Indeed, NASCAR is streaking ahead on its own merits. Schiffman's task of acquiring more corporate sponsorship for NASCAR, its teams and its tracks is made easy by companies that are standing in line to get in on the promotional bonanza. "What they see is a sport [with gross revenues] growing at 20-plus percent, attendance quadrupling over the past six or seven years," says Schiffman. "We have an image that fits what they want to be associated with. We don't have people spitting at referees or kicking people or doing drugs." Drivers can't even cuss: After racer Geoff Bodine uttered "goddam" in his complaint about a competitor on a live TV interview in April, NASCAR zapped him with a $10,000 fine.
NASCAR racing is often compared to the current style of Hollywood action films—but with real-life danger. Jerry Bruckheimer, executive producer of the NASCAR-based Days of Thunder, as well as many other action movies, believes both Hollywood and NASCAR are selling "a great adrenaline rush. People can sit there and get excited. It's like an amusement park ride."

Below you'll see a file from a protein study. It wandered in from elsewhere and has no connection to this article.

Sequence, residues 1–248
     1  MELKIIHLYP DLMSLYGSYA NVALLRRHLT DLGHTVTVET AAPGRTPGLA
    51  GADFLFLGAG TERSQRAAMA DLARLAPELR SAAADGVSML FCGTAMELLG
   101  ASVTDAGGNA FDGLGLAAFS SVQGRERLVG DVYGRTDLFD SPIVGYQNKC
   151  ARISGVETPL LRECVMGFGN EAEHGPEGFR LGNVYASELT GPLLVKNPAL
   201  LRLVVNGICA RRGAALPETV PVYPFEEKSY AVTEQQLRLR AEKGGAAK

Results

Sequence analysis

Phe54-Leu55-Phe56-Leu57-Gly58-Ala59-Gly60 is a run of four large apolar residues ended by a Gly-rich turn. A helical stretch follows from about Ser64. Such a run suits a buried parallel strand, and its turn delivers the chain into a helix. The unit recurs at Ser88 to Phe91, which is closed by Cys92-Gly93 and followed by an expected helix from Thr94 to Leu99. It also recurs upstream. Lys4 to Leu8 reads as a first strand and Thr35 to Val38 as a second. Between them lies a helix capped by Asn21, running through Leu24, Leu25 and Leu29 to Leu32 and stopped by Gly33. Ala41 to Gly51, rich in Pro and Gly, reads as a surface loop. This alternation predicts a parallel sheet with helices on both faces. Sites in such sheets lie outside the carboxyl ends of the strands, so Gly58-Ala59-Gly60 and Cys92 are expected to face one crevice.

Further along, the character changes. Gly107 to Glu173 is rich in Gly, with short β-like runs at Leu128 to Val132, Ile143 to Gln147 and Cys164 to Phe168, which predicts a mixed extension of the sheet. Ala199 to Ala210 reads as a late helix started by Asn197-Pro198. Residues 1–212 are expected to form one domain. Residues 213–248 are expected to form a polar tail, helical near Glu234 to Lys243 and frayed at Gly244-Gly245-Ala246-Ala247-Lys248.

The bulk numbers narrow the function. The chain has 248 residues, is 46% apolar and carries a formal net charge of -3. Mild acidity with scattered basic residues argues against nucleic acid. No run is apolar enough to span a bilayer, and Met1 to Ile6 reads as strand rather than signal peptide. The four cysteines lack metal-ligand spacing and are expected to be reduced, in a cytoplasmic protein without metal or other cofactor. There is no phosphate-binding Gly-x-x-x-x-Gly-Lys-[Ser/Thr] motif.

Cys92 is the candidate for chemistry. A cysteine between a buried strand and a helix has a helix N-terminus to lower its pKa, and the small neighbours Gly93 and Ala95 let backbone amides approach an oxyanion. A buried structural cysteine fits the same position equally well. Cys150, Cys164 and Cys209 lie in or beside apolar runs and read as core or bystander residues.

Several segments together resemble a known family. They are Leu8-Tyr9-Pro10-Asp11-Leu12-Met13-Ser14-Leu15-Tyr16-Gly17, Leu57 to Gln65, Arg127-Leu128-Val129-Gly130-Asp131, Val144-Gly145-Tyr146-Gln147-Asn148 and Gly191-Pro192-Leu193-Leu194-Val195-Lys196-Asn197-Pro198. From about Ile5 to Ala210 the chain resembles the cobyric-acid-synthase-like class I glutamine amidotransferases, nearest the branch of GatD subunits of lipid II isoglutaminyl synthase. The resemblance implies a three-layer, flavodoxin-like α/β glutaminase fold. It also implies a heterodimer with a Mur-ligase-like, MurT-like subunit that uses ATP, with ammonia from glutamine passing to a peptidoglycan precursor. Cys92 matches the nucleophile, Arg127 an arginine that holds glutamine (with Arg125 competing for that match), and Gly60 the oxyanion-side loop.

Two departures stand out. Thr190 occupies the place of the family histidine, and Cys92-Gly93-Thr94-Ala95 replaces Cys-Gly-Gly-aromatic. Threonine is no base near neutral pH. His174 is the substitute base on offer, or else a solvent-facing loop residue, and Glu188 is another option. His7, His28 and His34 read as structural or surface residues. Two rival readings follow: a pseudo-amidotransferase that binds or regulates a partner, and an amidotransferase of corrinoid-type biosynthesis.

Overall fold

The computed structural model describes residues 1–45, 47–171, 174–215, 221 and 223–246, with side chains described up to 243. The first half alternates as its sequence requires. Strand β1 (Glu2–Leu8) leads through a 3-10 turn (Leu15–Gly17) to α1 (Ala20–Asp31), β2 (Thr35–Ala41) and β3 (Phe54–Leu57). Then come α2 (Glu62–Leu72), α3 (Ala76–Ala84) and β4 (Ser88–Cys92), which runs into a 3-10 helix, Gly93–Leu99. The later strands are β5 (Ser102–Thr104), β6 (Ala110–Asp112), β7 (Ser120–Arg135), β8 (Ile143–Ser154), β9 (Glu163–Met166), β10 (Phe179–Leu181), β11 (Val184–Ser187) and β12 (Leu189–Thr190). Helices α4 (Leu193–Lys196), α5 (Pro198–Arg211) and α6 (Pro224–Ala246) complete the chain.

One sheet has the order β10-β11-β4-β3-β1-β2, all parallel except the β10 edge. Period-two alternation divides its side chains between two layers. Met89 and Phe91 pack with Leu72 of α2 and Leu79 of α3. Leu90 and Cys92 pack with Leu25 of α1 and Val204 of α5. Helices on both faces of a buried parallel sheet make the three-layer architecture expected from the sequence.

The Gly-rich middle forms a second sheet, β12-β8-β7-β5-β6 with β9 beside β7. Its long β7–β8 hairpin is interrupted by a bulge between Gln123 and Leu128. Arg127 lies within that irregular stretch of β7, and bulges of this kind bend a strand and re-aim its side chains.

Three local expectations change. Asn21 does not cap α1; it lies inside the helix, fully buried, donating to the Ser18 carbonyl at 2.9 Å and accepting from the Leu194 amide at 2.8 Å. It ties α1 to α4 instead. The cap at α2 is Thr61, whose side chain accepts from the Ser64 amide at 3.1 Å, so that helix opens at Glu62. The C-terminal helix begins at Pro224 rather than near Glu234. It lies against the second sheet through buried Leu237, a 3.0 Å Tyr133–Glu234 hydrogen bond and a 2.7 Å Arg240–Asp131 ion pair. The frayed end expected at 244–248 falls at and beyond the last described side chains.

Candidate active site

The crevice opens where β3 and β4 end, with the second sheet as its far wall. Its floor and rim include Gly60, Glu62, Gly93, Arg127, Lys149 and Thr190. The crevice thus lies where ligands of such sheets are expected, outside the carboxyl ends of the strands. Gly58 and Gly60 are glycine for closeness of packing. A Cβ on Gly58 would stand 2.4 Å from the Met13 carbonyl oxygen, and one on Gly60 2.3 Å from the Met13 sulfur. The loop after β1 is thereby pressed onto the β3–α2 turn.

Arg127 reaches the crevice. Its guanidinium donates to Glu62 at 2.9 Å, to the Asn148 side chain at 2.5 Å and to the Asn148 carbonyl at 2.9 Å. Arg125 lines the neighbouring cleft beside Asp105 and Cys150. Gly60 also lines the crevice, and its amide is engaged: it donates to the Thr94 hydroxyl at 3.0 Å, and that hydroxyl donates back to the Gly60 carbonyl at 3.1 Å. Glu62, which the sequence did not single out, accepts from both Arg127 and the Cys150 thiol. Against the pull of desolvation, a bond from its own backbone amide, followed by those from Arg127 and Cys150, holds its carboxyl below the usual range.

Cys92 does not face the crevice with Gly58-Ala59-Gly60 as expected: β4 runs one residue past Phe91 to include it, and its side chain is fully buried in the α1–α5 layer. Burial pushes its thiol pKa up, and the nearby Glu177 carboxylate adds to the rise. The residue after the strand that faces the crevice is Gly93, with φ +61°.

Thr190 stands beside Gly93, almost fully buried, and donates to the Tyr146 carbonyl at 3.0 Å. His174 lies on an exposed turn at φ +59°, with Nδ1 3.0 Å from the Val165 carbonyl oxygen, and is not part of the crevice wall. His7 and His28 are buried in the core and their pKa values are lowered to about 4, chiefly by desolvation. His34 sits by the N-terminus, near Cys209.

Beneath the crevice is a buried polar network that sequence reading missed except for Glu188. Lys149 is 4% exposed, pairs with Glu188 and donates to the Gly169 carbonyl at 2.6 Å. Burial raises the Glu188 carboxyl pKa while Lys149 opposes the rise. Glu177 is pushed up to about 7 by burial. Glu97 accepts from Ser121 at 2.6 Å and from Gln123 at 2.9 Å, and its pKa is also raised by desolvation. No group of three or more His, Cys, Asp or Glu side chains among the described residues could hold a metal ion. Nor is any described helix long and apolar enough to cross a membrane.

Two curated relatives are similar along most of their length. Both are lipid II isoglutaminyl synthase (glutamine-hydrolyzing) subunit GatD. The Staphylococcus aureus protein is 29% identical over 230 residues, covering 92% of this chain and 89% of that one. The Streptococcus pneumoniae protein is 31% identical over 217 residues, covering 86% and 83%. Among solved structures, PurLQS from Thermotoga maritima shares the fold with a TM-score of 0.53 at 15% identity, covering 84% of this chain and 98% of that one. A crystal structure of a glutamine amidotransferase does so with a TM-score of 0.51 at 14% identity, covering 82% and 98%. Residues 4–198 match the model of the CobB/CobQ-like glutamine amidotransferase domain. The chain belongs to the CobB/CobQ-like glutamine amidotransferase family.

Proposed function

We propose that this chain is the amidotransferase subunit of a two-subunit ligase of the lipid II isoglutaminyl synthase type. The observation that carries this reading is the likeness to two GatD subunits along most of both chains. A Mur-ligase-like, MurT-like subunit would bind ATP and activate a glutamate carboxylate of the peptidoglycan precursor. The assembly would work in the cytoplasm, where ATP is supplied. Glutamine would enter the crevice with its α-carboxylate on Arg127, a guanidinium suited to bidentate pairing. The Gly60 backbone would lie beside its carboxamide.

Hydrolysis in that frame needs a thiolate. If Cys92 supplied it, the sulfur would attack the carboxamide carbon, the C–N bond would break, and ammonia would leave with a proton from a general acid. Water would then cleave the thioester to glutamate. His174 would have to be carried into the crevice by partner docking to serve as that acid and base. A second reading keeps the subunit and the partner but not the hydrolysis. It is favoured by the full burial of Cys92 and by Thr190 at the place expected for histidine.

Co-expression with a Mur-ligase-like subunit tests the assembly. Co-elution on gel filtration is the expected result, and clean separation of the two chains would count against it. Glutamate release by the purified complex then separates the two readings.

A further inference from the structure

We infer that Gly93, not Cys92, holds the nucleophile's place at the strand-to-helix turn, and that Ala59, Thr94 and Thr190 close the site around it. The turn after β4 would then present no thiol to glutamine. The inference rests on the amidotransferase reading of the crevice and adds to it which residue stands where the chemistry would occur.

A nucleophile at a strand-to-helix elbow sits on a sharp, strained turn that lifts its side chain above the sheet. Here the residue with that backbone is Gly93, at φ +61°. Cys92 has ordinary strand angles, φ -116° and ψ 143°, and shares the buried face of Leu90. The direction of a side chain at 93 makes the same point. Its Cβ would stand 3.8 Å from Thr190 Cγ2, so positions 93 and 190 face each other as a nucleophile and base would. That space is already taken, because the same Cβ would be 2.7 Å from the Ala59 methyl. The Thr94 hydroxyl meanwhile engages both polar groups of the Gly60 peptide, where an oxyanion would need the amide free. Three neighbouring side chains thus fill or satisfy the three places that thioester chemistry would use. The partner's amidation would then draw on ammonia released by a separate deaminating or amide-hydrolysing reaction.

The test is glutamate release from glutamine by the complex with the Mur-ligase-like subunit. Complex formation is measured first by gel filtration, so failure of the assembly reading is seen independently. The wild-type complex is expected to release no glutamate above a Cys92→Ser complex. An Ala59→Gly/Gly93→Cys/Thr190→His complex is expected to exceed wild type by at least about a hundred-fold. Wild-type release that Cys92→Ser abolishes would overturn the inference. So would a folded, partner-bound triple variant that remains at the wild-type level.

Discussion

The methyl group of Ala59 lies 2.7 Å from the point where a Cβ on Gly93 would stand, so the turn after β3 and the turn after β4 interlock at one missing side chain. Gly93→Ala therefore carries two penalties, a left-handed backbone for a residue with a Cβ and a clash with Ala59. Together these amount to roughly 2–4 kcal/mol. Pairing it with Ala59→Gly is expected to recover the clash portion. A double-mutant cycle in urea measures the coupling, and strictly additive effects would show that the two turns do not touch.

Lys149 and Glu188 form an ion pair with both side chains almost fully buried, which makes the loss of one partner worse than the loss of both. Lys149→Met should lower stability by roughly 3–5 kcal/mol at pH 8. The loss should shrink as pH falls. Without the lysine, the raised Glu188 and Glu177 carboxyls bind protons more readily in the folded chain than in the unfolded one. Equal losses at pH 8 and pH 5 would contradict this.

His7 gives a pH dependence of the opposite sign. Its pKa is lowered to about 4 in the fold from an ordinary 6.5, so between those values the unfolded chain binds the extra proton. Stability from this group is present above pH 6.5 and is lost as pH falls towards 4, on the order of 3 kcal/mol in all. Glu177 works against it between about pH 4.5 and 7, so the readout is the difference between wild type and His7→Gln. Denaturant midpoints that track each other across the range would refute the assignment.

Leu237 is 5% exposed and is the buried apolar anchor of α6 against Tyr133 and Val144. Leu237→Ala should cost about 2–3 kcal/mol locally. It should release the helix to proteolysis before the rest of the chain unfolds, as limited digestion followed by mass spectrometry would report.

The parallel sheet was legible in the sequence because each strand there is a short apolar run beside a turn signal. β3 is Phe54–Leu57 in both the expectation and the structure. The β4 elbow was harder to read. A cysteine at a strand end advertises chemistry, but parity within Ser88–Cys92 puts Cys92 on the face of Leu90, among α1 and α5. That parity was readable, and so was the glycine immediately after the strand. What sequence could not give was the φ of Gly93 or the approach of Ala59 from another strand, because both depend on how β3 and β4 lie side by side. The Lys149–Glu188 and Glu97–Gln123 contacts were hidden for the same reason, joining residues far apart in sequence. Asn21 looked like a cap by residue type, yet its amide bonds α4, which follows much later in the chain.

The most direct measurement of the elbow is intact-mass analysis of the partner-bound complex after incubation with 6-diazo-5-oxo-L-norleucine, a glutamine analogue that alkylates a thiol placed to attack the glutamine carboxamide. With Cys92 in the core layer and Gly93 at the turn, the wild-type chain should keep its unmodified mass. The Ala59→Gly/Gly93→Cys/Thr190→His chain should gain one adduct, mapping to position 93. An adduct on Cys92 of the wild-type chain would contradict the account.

"Of course we sell adrenaline," says Wheeler. "We always have. The American public is beginning to realize that. It's been a long time coming."
There have been some very small signs of a thaw between CART and the IRL. George announced on May 16 that the 25-8 rule would be dropped for next year's race. CART driver Al Unser Jr., a two-time winner of the 500, calls that "a step in the right direction." The IRL also opened the competition to more manufacturers but rigidly resisted modifying its technical specs to bring them more in line with CART's. There the conflict stands, with little hope for resolution anytime soon.
CART drivers very much want to be back home again in Indiana next Memorial Day weekend. As Unser says, "I want to go back to the Indy 500. I've told Roger Penske, my boss, that. I've told Marlboro, my sponsor, that. But we need to do it right. They need to adopt the '97 CART rules. That change needs to happen for us to go there' and feel safe, feel competitive and run in the tradition that the Indy 500 deserves."